Philadelphia is happy to select D Vitaly Davydov, probably the second best Russian defenseman pre-1970 behind Ragulin.
6x Soviet 1st Team All Star(1962, 1966, 1967, 1968, 1969, 1970)
Soviet 2nd Team All Star(1971)
3x Olympic Gold Medalist(1964, 1968, 1972)
9x World Championships Gold Medalist
Named Best Defenseman 1967 World Championships(scored zero points)
Vitaly Davydov, Dynamo, Moscow, age 27, height 5-7, weight 157 pounds, though having an unimpressive build for defense work, is pluckier than everyone else and skillfully applies body-checking technique, feeds neat passes...
A rock-solid defencemen; though smaller than average, played on three golden Olympic squads, highlighting an international career that also included nine consecutive World Championships from '63 to '71.
"For all his skill and meticulous execution, Davydov went unnoticed in comparison to power-looking defencemen like Nikolai Sologubov. But the future three-time Olympic champion was always quick to defend himself physically, and through a courageous struggle eventually took his rightful place on the USSR team."
"It was (undrafted coach) who re-made Davydov from a winger into a defender, a star of world hockey. He saw that the young player would not mind playing tough, often engaging opponents, and most importantly - was a fast skater, which is very important for a defender."
"Vitaly Davydov was the living embodiment of Dynamo Moscow. Fast, maneuverable, willing to sacrifice himself for his team, extraordinary will and dedication, with an inspiration not only to play but also to train, Davydov always served as an example for his teammates. He was a giant in spirit - nothing and nobody could stop Vitali."
Finally, there's an incredible story as dictated by an undrafted coach about Davydov's toughness:
"It was in the U.S., in Colorado, where we met with the Canadian team. In the second period, forward Roger Bourbonnais, seeing that he could not honestly win the duel with Davydov, struck him with his stick across his jaw as if it were ax. Davydov fell, but he saw that a Canadian had picked up the puck and was now skating towards the USSR goal. Davydov jumped up and, clutching his left arm to the blood-stained face, rushed after him.
Vitaly overtook the Canadian player, knocked the puck off him, and took a penalty.
But Vitaly had had enough. When he returned to the bench, Davydov lost consciousness.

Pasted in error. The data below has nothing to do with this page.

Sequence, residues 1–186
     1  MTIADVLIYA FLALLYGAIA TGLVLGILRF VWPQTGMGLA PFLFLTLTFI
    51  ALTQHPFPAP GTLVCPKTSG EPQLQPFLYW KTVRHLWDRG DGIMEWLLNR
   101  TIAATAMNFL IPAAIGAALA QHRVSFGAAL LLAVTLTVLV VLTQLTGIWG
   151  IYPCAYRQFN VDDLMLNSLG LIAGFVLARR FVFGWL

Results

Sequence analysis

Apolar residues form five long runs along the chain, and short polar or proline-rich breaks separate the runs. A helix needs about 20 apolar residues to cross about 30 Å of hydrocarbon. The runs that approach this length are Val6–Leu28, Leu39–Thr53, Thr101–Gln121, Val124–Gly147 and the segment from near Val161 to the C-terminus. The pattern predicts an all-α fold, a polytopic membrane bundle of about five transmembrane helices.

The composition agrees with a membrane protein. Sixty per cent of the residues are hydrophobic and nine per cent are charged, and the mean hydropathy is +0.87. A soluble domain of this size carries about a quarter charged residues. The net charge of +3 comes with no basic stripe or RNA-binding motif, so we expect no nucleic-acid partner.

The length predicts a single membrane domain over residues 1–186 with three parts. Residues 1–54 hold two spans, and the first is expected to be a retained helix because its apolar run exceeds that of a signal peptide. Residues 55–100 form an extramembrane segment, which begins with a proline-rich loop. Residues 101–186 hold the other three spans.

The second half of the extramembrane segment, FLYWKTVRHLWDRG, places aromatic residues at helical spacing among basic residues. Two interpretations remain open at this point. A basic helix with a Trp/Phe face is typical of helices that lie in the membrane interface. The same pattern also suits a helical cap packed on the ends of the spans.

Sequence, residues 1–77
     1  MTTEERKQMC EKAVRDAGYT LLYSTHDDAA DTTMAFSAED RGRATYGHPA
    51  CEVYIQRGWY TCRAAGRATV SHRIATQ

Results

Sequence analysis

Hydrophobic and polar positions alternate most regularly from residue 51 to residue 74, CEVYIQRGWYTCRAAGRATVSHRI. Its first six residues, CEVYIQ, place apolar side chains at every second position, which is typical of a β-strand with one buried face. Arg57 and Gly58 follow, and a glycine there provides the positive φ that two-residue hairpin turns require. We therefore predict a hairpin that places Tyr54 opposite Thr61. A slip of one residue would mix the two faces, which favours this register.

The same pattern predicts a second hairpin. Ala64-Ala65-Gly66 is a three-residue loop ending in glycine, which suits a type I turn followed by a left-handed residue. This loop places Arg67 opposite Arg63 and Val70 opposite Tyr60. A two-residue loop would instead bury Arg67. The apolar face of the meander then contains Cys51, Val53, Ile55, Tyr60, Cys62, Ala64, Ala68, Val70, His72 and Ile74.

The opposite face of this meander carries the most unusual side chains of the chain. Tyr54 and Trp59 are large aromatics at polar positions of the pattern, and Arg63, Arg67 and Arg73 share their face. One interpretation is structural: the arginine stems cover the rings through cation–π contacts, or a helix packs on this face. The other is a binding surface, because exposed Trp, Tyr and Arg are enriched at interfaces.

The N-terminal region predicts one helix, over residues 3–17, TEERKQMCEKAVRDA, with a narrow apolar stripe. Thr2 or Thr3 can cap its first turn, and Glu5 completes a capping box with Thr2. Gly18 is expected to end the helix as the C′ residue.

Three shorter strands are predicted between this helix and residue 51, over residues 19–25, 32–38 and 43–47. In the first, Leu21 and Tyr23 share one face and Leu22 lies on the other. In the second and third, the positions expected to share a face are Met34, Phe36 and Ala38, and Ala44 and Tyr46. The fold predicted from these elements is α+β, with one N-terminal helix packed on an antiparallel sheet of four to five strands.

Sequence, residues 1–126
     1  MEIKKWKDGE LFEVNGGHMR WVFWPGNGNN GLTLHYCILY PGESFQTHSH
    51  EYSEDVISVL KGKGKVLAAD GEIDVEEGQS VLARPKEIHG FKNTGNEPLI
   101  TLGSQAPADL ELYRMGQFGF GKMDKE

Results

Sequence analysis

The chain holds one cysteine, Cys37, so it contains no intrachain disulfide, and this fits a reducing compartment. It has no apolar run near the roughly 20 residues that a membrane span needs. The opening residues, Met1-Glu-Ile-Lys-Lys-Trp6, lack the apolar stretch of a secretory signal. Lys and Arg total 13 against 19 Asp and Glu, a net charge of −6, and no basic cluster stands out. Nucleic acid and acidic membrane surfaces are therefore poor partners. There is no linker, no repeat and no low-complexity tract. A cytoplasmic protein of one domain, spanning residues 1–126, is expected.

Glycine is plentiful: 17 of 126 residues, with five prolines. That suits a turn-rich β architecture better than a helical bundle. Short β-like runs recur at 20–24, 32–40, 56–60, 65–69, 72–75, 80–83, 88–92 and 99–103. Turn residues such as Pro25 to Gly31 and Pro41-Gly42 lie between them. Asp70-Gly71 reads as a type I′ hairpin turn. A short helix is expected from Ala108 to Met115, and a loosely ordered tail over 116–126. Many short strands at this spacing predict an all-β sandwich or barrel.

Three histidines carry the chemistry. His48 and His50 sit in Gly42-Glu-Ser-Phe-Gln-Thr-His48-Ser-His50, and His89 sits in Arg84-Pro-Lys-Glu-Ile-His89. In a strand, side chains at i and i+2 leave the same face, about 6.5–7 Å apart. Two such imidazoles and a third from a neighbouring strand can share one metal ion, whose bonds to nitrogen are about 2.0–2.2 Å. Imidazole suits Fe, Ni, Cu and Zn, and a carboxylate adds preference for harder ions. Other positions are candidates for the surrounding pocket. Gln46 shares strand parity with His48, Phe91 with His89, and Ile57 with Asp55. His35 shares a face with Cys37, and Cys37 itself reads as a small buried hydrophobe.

The hospital diagnosed that Davydov's lower jaw was broken by in eight locations. "What kind of will would it take, despite the excruciating pain, not to rush to doctors and to help his goalkeeper..." wondered (undrafted coach)".
Davydova was named the best defender the world championship in 1967. Particularly hard, he held a match against the Canadians. Then the fathers of hockey felt that the Soviet defenders, including Davydov, are not only strong in the defense - they are also very active in the attack.
Position: Goaltender HT/WT: 5'7", 155 lbs Catches: Left Nickname(s): "Gump" Born: May 14th, 1929 in Montreal, QC
- Inducted into Hockey Hall of Fame in 1980.
- 4-time Stanley Cup Champion - (1965, 1966, 1968, 1969)
- Finished Top-10 10 times in All-Star Voting - (1st, 2nd, 3rd, 3rd, 4th, 4th, 6th, 6th, 6th)
- Played in the NHL All-Star Game 4 times - (1961, 1962, 1965, 1972)
- 2-time recipient of the Vezina Trophy - (1966, 1968)
- 1-acknowledgement for NHL First All-Star Team - (1968)
- 1-acknowledgement for NHL Second All-Star Team - (1966)
- Won the 1952 Calder Trophy
- 335 wins, 43 shutouts, career GAA of 2.88 in 861 games played.
- 40 wins, 6 shutouts, career GAA of 2.78 in 70 playoff games played.
Regular season save percentage numbers; 53-63 with Rangers, 66-69 with Canadiens, 71-74 with North Stars
Gump's playoff numbers; 56-62 was with the Rangers, 65-69 Canadiens, 70-72 North Stars
The Montreal Gazette - Mar. 3, 1968
The big "M" could easily have had the "hat trick" only for a couple of great saves by Gump Worsley...
Gump Worsley had a hard time staying alert but made some clutch stops en route to his fourth shutout of the season.
The Norwalk Hour - Apr. 20, 1968
Gump Worsley, Montreal's acrobatic goaltender...Worsley, the NHL's top goaltender during the regular season and a standout in the Canadiens' four-game playoff blitz of Boston...
The Leader-Post - Mar 19, 1966
It was only last May that the little round jolly guy who guards the nets for Montreal Canadiens got his second new lease on life in the National Hockey League. And Gump Worsley, who stands five-feet-seven and weights 180 pounds, hasn't looked back since. Worsley is the No. 1 goalie for the Canadiens and he and partner Charlie Hodge are headed toward winning the Vezina trophy-the award given to the goalie or goalies having played a minimum 25 games for the team with the fewest goals scored against it.
The 36-year-old Worsley received his first new lease on life in the fall of 1963 when he left behind a miserable 10-year career with the New York Rangers to join the Canadiens. When Worsley toiled for the hapless Rangers, he was used for target practice by opposing sharpshooters. The Ranger defence was far from solid and more often than not he was left to fend for himself. Some observers used to say Worsley could have been the best goalie in the NHL if he played for a first division team. Then the big trade was made and Montreal sent veteran Jacques Plante to New York and made room for Worsley.
Legends of Hockey
Although Worsley played 21 years in the NHL, his career didn't begin until he was 24 years old. Prior to his 1952-53 rookie season with the Rangers, he played in five different leagues, winning honors and trophies at virtually every stop along the way. He was named the top rookie and best goalie in the USHL with the St. Paul Saints in 1950-51, was named the league's MVP in the Western League during his year with the Vancouver Canucks in 1953-54 and was placed on All-Star teams just about everywhere he went.